Their perspective of asserting responsibilities to the land and to rather than demanding rights from a government that pays lip service to reconciliation but that refuses to abide by the decisions of its own apex court of justice has created a space where they have been able to reinstate their own governance systems, and their own legal understandings.

Freda said: "The land is not separate from us. The land sustains us. And if we don’t take care of her, she won’t be able to sustain us, and we as a generation of people will die."

While the Enbridge and Kinder Morgan pipelines generated heated opposition from many of the Indigenous territories whose lands they would cross, opposition to “natural” gas pipelines has generally been more muted.

This is because communities are told that in case of a spill the gas would simply evaporate. In contrast, the position of the Unist’ot’en camp transcends concerns for impacts on their territory alone.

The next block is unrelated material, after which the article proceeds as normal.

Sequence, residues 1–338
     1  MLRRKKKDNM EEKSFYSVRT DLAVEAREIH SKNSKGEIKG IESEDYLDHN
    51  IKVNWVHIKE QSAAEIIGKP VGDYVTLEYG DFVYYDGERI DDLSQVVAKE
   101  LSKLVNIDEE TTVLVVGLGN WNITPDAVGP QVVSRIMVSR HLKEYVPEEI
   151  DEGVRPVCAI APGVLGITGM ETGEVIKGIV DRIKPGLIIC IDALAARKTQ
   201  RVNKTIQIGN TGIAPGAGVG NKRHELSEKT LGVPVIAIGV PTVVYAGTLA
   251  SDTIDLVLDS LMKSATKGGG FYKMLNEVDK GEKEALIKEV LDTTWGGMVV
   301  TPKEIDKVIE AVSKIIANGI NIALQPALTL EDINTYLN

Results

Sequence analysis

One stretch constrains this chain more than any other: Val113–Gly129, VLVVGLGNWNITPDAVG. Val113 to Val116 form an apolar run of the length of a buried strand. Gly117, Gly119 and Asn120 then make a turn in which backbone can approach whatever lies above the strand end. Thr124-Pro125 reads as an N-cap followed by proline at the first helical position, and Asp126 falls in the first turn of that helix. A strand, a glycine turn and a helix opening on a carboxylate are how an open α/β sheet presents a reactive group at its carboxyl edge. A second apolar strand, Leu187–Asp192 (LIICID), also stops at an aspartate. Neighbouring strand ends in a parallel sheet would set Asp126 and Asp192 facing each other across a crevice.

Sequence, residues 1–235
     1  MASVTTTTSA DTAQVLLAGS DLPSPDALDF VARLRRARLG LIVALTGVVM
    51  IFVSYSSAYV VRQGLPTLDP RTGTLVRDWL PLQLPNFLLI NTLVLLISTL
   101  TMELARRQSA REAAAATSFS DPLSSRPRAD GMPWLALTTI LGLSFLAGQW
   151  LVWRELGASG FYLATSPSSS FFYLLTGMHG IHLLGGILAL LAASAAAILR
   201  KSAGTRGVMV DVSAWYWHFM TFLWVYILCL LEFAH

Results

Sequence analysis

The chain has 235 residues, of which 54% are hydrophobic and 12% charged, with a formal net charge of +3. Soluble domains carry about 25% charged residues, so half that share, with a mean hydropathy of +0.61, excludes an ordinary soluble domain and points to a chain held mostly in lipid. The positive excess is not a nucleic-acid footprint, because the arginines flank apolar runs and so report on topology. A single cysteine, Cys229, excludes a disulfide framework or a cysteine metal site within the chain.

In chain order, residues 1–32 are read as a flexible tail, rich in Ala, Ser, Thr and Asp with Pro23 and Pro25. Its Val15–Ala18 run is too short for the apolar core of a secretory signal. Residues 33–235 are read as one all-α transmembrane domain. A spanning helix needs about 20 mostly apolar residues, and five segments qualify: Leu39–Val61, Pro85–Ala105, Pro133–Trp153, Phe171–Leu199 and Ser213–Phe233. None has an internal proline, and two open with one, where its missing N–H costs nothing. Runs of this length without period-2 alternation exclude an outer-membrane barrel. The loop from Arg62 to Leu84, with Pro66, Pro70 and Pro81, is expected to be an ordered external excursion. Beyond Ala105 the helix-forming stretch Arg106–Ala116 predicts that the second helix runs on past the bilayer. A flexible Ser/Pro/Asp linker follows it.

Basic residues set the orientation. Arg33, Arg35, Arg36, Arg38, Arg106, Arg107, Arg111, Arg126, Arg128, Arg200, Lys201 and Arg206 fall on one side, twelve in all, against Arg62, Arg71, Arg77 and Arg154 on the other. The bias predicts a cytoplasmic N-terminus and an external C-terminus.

The Wet´sewet´en hereditary chiefs have adopted a more holistic perspective, one founded on their relationship with the territory and with affected communities all along the commodity chain, from those suffering water pollution from fracking at the commodity frontier of extraction, to the coastal communities resisting export terminals and tanker traffic, to communities in island states impacted by the rising waters.

Affected communities

This positioning and their complete opposition to all pipelines – existing, proposed or approved to expand – means the camp has wide support. “We always have to be mindful that we are the first people of the headwaters,” Huson says. “This water hits us first; it’s our duty that we’re not making decisions that are going to impact clans downstream from us.”